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Advice to a prospective puppy owners
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The following is a list of advice to prospective puppy owners in any breed, not just Bernese Mountain Dogs. The decision to bring a dog into your life is an adult, sober decision that needs to be made in a rational manner. Puppies, by definition, are cute, but also by definition, a lot of work.

  • Find a veterinarian. Many small animal vets lean in expertise to one species — cat vets are good for cats, fake it for dogs, and vice versa.
  • Read. Several good books to consider. "The Right Dog for You" Daniel Tortora (required reading, before choosing a breed). "Culture Clash" by Jean Donaldson. "Don't Shoot the Dog" Karen Pryor. "Other End of the Leash" Pat McConnell. "Calming Signals" by Turid Rugaas. "Doctor Dunbar's Good Little Dog Book" by Ian Dunbar.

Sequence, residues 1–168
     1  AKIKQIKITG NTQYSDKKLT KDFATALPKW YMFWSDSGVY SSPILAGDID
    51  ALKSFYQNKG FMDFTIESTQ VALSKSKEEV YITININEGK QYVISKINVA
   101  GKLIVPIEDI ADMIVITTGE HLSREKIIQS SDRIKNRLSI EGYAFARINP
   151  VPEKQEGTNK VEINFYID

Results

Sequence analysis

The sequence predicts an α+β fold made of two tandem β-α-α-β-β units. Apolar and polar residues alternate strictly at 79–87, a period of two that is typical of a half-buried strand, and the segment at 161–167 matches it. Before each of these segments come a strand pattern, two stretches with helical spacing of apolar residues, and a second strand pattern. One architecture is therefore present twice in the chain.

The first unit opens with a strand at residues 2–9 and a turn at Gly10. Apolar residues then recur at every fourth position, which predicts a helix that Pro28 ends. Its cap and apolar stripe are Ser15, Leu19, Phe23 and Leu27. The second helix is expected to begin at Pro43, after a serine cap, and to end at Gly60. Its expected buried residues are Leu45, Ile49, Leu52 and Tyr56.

• Find a training facility in your area and observe some classes (more than one!). Don't watch the dogs, watch how the trainer interacts with the owners and how the owner interacts with the dogs. Observe more than puppy K classes. Training is for life.
  • Do some deep life contemplation. Ask questions like "Am I prepared to be 100% responsible for this animal for the next 15 years" and "If I met 'my soulmate' and they didn't like dogs, what would I do?" Write down your answers.
  • Go to the dog park in your area or any place you've seen dogs congregate with a mess of plastic grocery bags and police the grounds (i.e., pick up poop). It's good practice, a good service, and well, if you can pick up other dogs poop in whatever condition without retching, you'll be fine picking up all sorts of stuff.
  • Once you've decided on a breed, make a call to that breed's national or regional rescue chairperson, NOT the breeder referral chair. Ask them to tell you the negatives and positives of the breed, and ask for the common causes for them to end up in rescue situations. If you still like the idea of that breed and can handle the negatives, THEN go to dog shows and talk to folks and contact Breeder Referral chairs.
  • Stockpile emergency cash. If you cannot afford emergency veterinary care, you really need to consider can you afford regular veterinary care. Folks who have been in dogs for a long time can usually tell you their most expensive medical condition that the dog suffered. Panda had a $2k+ surgery. His end of life care wasn't inexpensive either. And that's on the luckier side of things.